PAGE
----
Other negotiating groups, such as agriculture, have also met in recent weeks. In the farm trade talks, five new proposals are now on the table from the US, China and India, the G33 coalition of developing economies, the Cairns Group of agricultural exporters, and Paraguay and Uruguay. Some proposals, such as the one from the US, are focused on market access, while others, such as the India-China submission, look at domestic agricultural support.
Some other negotiating groups, such as those which deal with non-agricultural market access (NAMA), trade and environment, and intellectual property rights, have seen little to no substantive developments this year to date.
US, Chinese ambassadors spar over economic models, WTO rule compliance
Last week’s General Council meeting also saw the US and Chinese ambassadors spar openly over a series of trade irritants, after the US submitted two reports to the General Council on China’s trade practices. While one of these was an annual report by the Office of the US Trade Representative (USTR) on China’s WTO rule compliance, the second was a new document entitled “China’s trade-disruptive economic model” that featured a series of complaints over Beijing’s economic practices and what they mean for WTO members.
“This discussion is long overdue. Few issues are as critical to the future viability of this institution as the unique economic system embraced by China,” said US Ambassador to the WTO Dennis Shea as he began his remarks on the subject.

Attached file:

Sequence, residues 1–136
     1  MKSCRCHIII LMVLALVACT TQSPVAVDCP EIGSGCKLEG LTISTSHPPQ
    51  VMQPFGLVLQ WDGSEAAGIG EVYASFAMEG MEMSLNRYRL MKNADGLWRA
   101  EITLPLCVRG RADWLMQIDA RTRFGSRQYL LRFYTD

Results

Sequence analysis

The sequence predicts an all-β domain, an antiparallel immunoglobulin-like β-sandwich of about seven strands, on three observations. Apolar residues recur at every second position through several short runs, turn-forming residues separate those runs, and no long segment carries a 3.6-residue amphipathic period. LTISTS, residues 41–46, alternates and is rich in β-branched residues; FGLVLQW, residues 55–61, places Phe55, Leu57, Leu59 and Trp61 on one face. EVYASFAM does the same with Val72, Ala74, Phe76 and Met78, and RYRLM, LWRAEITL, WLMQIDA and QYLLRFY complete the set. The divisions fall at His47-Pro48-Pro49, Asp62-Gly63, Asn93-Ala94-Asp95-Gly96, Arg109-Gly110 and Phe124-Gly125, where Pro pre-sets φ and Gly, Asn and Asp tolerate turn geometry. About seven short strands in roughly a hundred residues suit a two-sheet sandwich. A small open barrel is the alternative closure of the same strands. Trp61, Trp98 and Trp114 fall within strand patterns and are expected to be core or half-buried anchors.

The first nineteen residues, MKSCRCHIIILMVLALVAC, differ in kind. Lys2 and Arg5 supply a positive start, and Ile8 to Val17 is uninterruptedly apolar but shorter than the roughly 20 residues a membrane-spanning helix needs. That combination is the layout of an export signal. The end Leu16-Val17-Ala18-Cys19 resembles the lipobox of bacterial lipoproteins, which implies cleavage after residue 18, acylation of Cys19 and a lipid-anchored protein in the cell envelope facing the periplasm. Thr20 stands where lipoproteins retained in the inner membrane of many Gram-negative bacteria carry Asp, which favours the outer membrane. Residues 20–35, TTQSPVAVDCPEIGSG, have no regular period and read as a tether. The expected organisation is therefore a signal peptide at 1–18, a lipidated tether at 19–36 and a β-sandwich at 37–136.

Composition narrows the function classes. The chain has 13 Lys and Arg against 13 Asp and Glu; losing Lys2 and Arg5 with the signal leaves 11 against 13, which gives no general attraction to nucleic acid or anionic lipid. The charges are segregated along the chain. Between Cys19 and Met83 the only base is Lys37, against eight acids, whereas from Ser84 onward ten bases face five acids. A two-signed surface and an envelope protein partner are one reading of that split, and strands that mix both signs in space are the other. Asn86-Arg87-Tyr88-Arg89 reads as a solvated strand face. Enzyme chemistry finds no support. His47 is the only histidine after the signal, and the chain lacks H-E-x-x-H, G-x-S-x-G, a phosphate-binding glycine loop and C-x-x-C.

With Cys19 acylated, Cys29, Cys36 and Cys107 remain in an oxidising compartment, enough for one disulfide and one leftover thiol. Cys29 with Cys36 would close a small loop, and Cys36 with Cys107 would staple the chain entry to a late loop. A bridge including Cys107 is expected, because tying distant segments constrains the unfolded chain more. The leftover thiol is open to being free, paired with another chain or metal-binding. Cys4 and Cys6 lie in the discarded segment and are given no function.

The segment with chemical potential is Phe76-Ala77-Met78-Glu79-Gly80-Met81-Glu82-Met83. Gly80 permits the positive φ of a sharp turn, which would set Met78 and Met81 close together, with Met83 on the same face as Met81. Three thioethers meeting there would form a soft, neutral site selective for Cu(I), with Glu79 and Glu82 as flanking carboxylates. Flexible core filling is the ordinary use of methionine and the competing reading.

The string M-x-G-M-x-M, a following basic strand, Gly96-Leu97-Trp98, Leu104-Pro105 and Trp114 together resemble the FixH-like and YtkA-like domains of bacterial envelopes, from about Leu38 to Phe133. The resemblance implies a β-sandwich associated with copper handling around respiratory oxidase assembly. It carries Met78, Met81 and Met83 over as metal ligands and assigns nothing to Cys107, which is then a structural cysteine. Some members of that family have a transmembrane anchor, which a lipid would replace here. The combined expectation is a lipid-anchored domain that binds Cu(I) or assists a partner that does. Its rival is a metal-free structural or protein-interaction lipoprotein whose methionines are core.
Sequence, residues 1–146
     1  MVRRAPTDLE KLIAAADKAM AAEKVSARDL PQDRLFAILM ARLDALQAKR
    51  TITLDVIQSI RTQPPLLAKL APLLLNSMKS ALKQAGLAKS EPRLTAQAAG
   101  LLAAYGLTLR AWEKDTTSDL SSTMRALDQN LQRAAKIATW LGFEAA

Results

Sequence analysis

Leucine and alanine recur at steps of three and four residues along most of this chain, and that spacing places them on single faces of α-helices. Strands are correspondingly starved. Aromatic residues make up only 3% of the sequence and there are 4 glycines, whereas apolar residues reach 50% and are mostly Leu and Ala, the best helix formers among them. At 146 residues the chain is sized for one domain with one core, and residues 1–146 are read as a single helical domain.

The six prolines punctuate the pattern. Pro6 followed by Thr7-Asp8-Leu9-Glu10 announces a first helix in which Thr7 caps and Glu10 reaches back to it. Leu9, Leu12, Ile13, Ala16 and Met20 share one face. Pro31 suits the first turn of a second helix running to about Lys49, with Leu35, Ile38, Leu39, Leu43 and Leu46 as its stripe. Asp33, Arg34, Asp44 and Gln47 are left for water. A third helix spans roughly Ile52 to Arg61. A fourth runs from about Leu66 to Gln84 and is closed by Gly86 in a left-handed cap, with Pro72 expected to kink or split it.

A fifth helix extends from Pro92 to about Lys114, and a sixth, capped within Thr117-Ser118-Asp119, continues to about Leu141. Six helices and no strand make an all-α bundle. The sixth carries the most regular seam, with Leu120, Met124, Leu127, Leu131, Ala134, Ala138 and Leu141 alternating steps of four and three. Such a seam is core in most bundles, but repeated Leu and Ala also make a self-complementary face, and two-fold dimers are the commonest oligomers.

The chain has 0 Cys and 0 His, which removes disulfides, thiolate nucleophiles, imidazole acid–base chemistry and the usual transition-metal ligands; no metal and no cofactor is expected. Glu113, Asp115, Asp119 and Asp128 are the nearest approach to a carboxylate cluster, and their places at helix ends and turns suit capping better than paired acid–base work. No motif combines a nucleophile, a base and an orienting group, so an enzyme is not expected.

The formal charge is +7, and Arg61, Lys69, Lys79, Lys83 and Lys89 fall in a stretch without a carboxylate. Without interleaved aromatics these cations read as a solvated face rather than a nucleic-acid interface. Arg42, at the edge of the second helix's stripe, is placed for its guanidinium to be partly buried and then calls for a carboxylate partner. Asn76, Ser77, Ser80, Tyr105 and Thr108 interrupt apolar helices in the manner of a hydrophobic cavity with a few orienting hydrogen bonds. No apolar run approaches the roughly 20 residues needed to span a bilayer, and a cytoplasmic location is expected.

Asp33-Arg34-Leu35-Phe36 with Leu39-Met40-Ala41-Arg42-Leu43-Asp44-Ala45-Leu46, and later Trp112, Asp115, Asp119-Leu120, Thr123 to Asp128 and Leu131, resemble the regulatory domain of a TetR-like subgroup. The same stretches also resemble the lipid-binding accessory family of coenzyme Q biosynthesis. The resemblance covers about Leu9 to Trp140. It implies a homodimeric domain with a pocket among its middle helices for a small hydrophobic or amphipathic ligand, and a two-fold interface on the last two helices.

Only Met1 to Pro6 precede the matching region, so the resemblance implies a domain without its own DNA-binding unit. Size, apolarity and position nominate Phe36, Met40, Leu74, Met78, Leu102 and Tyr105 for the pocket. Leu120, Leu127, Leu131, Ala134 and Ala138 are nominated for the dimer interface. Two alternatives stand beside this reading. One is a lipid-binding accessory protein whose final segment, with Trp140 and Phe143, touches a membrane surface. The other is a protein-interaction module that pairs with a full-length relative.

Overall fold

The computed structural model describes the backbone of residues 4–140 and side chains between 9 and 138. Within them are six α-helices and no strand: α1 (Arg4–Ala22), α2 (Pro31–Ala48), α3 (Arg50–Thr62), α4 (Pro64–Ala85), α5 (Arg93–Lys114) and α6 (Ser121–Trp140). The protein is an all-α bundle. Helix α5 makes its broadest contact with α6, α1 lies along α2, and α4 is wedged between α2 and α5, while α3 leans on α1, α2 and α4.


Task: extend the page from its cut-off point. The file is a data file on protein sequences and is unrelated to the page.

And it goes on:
Shea particularly took issue with the role of the Chinese government in the country’s economy, along with Beijing’s pledges to be pursuing reforms to transform its economy towards a more market-oriented model. He cited numerous concerns, ranging from the use of industrial subsidies and other tools to implement the “Made in China 2025” strategy to the recent Chinese government “white paper” on the country’s contributions to the WTO since joining in 2001. (See Bridges Weekly, 5 July 2018)
“Despite China’s repeated portrayal of itself as a staunch defender of free trade and the global trading system, China is in fact the most protectionist, mercantilist economy in the world,” Shea said last week.
The statement and the related US submissions prompted a detailed response from China, with the country’s WTO ambassador countering the US’ claims on substance, approach, and tone.
“The remarks by the US Ambassador Shea moments ago have made the air smell like gunpowder in this Council room. We should thank Ambassador Shea, as he reminded us that we are now in an unprecedented crisis of the multilateral trading system, and we can no longer sit leisurely by the lakeside, enjoying the sunshine and summer breeze,” said Chinese Ambassador to the WTO Zhang Xiangchen.